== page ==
Nursing as a Second Career

Nurses discussing patient's chart

In This Blog:

Why Should You Make a Career Switch to Nursing?

Choosing nursing as a second career presents an exciting opportunity for students who are passionate about healthcare. Sometimes you get yourself side-tracked in life, working in a career you’re not passionate about — so you seek an opportunity to fulfill your calling; possibly to better your life or the lives of others. There are many reasons why someone might consider changing careers to nursing, and if you truly dedicate yourself to your education and furthering your career, it’s never too late to make the switch.

Benefits of Becoming a Nurse Later in Life

If you’ve decided to make the career switch to nursing, you likely have your reasons why. Students who are re-careering are often intrinsically motivated and inspired to make the career switch. As a second-degree student, your motivations might be a little different than they were in the past. For example, you might have your own family now, or you might be taking a break from a career.

Being intrinsically motivated can help power you through your program to reach your end goal of earning your Bachelor of Science in Nursing (BSN). Having years of experience behind you, you have many advantages working in your favor that can help you be successful in a nursing program.

  • Prior educational background: Having taken previous college classes before, you understand the rigor that comes with college courses. You recognize that you will need to spend time reading, studying and digesting materials. Although nursing school may look a little different in the way you test and answer questions, you still have a background in adjusting to what college life is like, even if it's from a distance.
  • Life and work experience: You most likely have a professional history of working previous jobs. This will benefit you because you’ve already developed some of the essential traits, characteristics and skill sets needed to be successful in your career as a nurse. These experiences give you knowledge and skills that you might not have if you were coming straight from high school to college, perhaps having worked only part time or never at all, or never having had to truly support yourself.

Overcoming Challenges of Starting Nursing as a Second Career

When re-careering and changing careers to nursing, there are some challenges that you may encounter. Planning to be successful in nursing as a second career involves acknowledging these challenges and coming up with ways to overcome them.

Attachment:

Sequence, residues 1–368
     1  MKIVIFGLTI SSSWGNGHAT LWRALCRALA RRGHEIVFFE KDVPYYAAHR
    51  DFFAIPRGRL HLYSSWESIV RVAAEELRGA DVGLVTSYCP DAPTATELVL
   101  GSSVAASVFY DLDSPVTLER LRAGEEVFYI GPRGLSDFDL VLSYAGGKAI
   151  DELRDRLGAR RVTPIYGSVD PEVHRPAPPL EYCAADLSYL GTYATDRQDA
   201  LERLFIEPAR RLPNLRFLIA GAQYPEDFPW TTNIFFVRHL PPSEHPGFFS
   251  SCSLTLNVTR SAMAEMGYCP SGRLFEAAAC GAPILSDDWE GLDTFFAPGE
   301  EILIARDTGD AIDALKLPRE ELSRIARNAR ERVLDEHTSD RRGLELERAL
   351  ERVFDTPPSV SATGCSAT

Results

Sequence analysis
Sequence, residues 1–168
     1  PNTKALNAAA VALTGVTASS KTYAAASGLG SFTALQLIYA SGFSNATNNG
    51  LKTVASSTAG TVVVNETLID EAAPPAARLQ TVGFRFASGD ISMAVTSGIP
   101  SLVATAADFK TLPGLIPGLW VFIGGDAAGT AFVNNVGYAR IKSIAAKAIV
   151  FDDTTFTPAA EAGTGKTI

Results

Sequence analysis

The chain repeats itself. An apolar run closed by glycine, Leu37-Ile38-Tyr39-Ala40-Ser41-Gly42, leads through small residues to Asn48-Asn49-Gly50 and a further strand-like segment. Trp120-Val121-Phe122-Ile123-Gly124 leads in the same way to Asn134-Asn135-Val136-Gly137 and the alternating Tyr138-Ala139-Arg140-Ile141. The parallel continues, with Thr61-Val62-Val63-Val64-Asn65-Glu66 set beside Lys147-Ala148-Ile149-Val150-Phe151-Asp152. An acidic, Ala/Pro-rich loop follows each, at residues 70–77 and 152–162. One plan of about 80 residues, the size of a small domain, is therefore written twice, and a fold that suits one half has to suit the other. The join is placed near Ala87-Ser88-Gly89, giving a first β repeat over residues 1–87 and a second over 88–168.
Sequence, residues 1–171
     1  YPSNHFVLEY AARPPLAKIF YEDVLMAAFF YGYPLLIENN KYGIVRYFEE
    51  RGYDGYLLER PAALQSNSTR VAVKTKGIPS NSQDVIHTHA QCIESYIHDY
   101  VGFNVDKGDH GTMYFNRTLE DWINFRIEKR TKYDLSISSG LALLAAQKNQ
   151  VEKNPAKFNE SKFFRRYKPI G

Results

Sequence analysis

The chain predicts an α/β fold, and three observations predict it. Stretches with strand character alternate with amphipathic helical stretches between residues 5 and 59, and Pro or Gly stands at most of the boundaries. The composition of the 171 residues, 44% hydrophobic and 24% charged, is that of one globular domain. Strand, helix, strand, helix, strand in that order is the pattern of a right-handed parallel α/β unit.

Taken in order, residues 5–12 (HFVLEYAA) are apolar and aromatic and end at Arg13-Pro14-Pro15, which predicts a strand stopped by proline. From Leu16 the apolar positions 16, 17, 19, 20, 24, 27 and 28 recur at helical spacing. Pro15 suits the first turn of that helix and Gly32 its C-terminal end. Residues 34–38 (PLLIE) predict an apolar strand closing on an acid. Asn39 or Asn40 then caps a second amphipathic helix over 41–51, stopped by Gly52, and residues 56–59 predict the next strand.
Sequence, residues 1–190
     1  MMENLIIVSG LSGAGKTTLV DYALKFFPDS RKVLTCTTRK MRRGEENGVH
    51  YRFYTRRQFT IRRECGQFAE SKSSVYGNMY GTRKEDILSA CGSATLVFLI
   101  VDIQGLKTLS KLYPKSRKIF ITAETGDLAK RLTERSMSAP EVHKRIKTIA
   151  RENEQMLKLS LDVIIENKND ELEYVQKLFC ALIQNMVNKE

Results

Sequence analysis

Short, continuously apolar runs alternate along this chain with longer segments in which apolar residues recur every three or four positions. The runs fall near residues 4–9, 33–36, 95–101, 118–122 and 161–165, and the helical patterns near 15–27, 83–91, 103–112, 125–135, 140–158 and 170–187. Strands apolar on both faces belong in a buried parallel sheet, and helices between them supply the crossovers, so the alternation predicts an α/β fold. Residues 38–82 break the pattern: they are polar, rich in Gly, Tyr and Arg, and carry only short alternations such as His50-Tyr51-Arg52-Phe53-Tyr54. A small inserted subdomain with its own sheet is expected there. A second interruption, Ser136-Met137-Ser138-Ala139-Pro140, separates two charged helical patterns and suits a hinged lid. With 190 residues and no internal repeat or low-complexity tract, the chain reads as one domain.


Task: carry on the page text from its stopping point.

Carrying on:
Time Commitment

No matter what you study, going back to school requires a significant time commitment. You may not have the flexibility that you had before. For example, students may initially think they can work full time while pursuing their nursing degree, only to quickly realize that it is not feasible. Consider what pursuing a second degree will look like for you; this includes the time commitment for studying, clinicals, skills labs, simulations, possible relocation requirements and other factors that require your attention and effort.

It can be helpful to remind yourself that although you may wish to minimize your time away from family and other responsibilities, if you dedicate yourself in the short term to your studies, you may return to family, personal responsibilities and reinvigorated career prospects in the long term once you have earned your BSN.


To be successful in nursing as a second career, you may have to learn to re-prioritize certain things. This may involve juggling family life and other priorities. You may have to make sacrifices that you have not made before. Because you’re taking the step to make the career switch to nursing, you may need to step back or take a pause from other priorities in your life so you can focus on the schooling aspect and the hours it requires.

Unfamiliarity With Online Courses

With second-degree nursing options such as an accelerated Bachelor of Science in Nursing (ABSN) program, you will most likely have to complete some courses online. If you’re returning to school after several years, or have never had experience with online courses, this may seem intimidating. However, know that you are not alone. There are resources and online support to help you, along with your other classmates who are experiencing this right there with you.

How Can I Begin Nursing as a Second Career?

If you have a previous college degree, consider the path of an ABSN program. This program is set up for students who are considering becoming a nurse later in life and are looking to undergo a career switch to nursing. These programs also are typically offered in a hybrid format, which consists of online classes in combination with in-person skills labs, simulations and clinical rotations.

ABSN Program Benefits

Along with utilizing your previous work, life and educational experiences to help you become a nurse on an accelerated timeframe, there are other benefits to choosing nursing as a second career through an ABSN program.